3rd Quarter - 8:47 - 3rd & 4

One last offensive play this week. On this play we wanted to reiterate the point made in the last play that our offense works a lot better when we mitigate interior pressure. Our offense is in 3rd & manageable territory on our side of the field, so Stanford dials up a Cover 1 man-blitz. We’re running a Mesh-Rail concept out of a shotgun 2x2 look. At this point, Mesh has been broken down so many times that it’s not all that interesting for most. The key thing to note about the play call is that we’re running Dillon Johnson on a Rail/Wheel route out of the backfield, so we’re in a 5-man protection situation.

Stanford’s blitz design is dropping their two EDGE defenders into coverage, slanting their DTs towards the field, and then looping their ILBs around the boundary edge. Instead of running a Scat protection (combo man and zone slide protection), our offensive line is running a full slide protection to the left. It’s tougher to tell the zone slide protection compared to outside zone run technique, but you can tell based on Rosengarten’s blocking assignment. At the snap, he quick sets to read who is coming. Because of the alignment of the DT off his left shoulder, his blocking progression goes from the DT to the ILB then to the EDGE to his right. Unlike the Scat protection that we broke down last week on Film Study, we are making sure that we are getting our best blockers on the interior rushers and letting Penix take care of the edge pressure with a hot read. Obviously we got a little lucky that the EDGE on Rosengarten’s side dropped into coverage and the replacement edge pressure came from the far ILB on a slow developing blitz, but all that would mean is that Penix would have a quicker read to Johnson in a footrace to the sideline against an ILB.

Full slide protection isn’t ideal since it essentially concedes guaranteed edge pressure, but at least Penix would know where the pressure is coming from, and we can tailor our play calls to make sure we’re taking advantage of the hot reads.

3rd Quarter - 10:09 - 2nd & 3 || 3rd Quarter - 3:26 - 2nd & 6

Before we wrap up Film Study this week, we had to address the defense with these last two plays. We did not put up a good defensive performance against the Cardinal, and it has been a major point of discussion by many fans ahead of a big game against USC this week. If we couldn’t consistently stop Stanford, who has one of the worst records in the conference, then how are we planning on stopping the USC, who has the reigning Heisman trophy winner at QB? Well, let’s take a look at what actually happened against Stanford.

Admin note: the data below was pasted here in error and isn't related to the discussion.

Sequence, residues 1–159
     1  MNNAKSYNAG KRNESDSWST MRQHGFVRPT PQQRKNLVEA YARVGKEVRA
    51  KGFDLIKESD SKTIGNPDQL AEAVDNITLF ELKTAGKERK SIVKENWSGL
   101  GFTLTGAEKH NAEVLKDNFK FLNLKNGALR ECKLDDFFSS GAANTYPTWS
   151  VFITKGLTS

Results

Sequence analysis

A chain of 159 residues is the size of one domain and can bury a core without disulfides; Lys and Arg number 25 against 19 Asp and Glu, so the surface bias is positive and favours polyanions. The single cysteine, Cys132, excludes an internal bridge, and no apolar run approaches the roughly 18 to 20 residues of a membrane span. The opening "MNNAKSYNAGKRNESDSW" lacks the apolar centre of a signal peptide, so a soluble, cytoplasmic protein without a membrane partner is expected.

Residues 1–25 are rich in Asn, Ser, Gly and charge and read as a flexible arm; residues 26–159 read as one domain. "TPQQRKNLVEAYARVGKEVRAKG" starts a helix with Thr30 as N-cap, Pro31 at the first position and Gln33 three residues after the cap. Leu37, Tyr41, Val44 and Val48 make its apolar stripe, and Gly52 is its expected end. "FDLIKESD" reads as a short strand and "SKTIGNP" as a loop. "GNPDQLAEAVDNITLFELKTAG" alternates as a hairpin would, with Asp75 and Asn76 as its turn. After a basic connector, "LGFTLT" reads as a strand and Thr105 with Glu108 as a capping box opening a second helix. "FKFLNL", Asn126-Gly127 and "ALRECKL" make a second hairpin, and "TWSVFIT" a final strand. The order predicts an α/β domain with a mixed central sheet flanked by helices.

On these two plays against Stanford, our bend-but-don’t-break defense broke in a big way. On this first 2nd & 3 play, Stanford comes out in a 2x1 FIB look with a split backfield that we match with an interesting 1-high coverage shell that puts Esteen 14 yards deep in center field and Hampton and Powell 9 yards deep. It took me a couple replays to figure out what we’re doing in coverage on this play, but it appears that we’re MEG technique (Man Everywhere he Goes) on the solo WR to the field and playing Cover 6 over the rest of the formation. It’s a common coverage adjustment against certain FIB looks to simplify the defensive structure and give easier coverage assignments to LBs and safeties, but it does ask a lot of our CBs at times. What the MEG adjustment means in this context is that we’re assuming that Elijah Jackson in man coverage on an island is going to lock down his WR, and we’re playing 10v10 everywhere else. Everywhere else has Powell playing Cover 2 technique to the field side (ZTF dropping into underneath coverage off the zone blitz creates the high-low bracket over the field-side H-Back), and Esteen and Muhammad are playing Cover 4 technique to the boundary with Hampton and Ulofoshio taking underneath coverage. In theory this is a sound numbers distribution in coverage. We have two zone defenders against one remaining eligible receiver to the field (+1 defender for the extra space), and we have 4 over 3 coverage to the boundary. Where the wheels come off the wagon is Jackson’s MEG technique.